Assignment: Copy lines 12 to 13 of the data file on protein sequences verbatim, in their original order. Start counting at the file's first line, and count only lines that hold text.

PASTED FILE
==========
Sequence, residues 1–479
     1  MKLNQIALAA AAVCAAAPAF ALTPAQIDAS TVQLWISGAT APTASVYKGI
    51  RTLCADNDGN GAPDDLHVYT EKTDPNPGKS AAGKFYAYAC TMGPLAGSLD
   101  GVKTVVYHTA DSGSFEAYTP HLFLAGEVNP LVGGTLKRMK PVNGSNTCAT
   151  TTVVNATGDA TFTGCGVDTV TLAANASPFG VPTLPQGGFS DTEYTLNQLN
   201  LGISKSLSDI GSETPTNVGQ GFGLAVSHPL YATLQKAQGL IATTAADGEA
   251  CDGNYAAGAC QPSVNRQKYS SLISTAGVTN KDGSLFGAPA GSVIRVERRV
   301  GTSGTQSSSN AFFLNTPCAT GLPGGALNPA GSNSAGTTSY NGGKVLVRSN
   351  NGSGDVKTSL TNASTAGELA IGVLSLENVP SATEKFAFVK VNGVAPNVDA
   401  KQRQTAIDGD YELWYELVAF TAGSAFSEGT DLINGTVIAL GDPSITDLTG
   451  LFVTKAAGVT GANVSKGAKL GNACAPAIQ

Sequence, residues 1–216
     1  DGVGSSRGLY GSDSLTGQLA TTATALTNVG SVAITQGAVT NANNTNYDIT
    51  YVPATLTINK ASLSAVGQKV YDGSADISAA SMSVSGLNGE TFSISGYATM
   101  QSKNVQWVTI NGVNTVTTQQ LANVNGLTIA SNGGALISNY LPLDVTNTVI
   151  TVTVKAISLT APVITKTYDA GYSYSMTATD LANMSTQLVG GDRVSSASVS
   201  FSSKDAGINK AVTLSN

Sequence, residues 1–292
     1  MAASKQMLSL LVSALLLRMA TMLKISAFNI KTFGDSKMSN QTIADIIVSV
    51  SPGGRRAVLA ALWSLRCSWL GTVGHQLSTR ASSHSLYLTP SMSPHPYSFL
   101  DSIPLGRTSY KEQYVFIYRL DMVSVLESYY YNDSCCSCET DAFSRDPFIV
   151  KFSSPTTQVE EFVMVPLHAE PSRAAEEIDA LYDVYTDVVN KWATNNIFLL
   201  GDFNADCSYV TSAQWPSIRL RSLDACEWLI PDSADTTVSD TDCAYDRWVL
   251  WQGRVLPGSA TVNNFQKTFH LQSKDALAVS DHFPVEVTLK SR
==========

Sequence, residues 1–216
     1  DGVGSSRGLY GSDSLTGQLA TTATALTNVG SVAITQGAVT NANNTNYDIT